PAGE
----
As printed in our March 10, 2013 issue...
JANUARY MILK ROSE 0.5 PERCENT nationwide over a year ago. Cows fell 17,000 (-0.2 percent) from last January. However, the national herd has grown three consecutive months; up 36,000 head since October.
OF THE TOP 23 DAIRY STATES, 13 expanded milk flow while 10 dropped off of last year's pace. Wisconsin grew 4.9 percent while California fell 4.3 percent. Six other Western states reduced production, too.
THERE WAS A FURTHER DROP in pick-up tanker milk samples testing positive for antibiotics . . . 542 out of 3.2 million or 0.017 percent. This represents an all-time low from last year's previous record of 0.021 percent.
IN ADDITION TO THIS ANNUAL REPORT, FDA conducted enhanced antibiotic testing last year. No timeline has been set for a final report by FDA, but some in the industry project late March at the earliest.
CLASS I OR FLUID USE in federal orders remained steady at 35 percent last year. Class II (yogurt and soft products) grew 14 percent; Class III (cheese), 39 percent; and Class IV (butter and dried products), 12 percent.
GLOBAL PRODUCT PRICES ROSE 3.1 PERCENT in late February market activity. The eight product mix climbed 7 cents to $1.70 per pound when compared to the previous trades made two weeks earlier.
STATESIDE, SPOT CHEESE BLOCKS held relatively steady in the low $1.60 range with barrels following suit. Likewise, March to September Class III futures remained consistent averaging in the mid-$17.90s.
CONSUMING RAW MILK, or products made from unpasteurized milk, was in the news again. Raw milk pushed dairy products into the top food subcategory for foodborne-illness hospitalizations during an 11-year time span.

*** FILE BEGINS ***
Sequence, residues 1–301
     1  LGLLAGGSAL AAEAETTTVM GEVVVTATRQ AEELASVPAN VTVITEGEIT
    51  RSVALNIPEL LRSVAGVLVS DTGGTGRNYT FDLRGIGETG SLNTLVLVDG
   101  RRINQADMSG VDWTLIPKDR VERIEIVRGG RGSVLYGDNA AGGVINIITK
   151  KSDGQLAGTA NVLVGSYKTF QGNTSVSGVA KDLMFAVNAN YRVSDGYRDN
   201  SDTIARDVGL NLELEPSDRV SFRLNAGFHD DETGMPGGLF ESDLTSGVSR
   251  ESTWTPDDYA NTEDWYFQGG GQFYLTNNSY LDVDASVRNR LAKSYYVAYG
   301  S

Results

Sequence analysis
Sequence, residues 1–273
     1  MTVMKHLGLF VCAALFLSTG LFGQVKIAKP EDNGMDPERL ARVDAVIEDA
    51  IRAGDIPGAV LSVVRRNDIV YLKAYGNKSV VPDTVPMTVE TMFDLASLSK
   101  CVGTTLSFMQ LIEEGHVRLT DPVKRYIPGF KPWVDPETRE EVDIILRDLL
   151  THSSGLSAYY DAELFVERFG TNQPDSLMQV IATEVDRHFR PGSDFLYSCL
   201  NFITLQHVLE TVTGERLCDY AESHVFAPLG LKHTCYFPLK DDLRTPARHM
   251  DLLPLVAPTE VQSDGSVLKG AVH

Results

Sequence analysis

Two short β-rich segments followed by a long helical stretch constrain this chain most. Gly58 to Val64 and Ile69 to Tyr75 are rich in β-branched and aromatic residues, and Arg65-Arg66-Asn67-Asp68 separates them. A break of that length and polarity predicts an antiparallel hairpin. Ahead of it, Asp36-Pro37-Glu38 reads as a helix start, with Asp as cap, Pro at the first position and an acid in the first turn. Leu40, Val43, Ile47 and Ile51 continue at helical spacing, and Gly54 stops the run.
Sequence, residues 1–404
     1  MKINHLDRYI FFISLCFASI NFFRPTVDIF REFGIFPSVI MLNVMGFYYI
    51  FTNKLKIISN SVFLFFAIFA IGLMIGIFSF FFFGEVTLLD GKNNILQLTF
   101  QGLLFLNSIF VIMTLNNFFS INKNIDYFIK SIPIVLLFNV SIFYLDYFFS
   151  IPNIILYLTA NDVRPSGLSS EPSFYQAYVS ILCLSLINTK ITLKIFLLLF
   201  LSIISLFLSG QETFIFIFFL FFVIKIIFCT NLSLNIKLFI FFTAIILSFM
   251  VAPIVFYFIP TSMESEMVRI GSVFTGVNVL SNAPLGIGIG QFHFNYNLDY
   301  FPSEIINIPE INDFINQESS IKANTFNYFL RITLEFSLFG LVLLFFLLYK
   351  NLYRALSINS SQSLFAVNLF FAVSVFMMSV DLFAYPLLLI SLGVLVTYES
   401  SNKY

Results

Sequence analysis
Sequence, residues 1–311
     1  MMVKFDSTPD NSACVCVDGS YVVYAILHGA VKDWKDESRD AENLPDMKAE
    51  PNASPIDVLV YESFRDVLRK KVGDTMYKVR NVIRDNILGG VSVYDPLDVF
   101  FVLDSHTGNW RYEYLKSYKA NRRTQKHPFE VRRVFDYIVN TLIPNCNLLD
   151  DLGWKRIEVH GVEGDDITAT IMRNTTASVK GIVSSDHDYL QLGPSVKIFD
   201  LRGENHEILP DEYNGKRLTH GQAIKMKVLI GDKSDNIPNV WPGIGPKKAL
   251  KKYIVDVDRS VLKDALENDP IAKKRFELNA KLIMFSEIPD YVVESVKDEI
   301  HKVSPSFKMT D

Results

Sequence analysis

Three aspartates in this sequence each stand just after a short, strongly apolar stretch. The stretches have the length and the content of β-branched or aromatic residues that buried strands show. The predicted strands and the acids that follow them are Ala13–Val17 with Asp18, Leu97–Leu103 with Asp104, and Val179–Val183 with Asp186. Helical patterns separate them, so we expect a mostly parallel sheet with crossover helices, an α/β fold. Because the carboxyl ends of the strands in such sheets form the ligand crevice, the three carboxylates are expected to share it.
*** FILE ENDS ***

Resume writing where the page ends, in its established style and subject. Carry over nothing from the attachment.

CHINA REMAINED ON EDGE due to prior milk contamination. On February 19, New Zealand's dollar fell 1/2 cent when the Chinese destroyed 200 pounds of tainted milk powder, reported The Wall Street Journal. After Fonterra said it wasn't their product, markets quickly rebounded.
DAIRY FARMS WITH OVER 1,000 COWS, 1,730 farms total, accounted for 50 percent of milk output last year, reported the USDA. Total U.S. dairies with permits to sell milk stood at 49,331. (Complete report on page 151.)
BRIEFLY: A new farm bill could be headed to mark-up in March, stated Senate Agriculture Committee Chair Debbie Stabenow (D-Mich.) The bill has a long way to go before any chance of approval. The World Organization for Animal Health (OIE) recommended that the U.S. be upgraded to minimal risk for BSE which would benefit beef exports. Canada is prepared to give up dairy tariffs in order to gain access to EU beef, pork and auto markets, reported Ottawa's The Globe and Mail. U.S. dairy groups lauded a potential trade pact with the EU. Due to tariff and regulatory rules, the EU has a $1.2 billion dairy trade surplus with the U.S.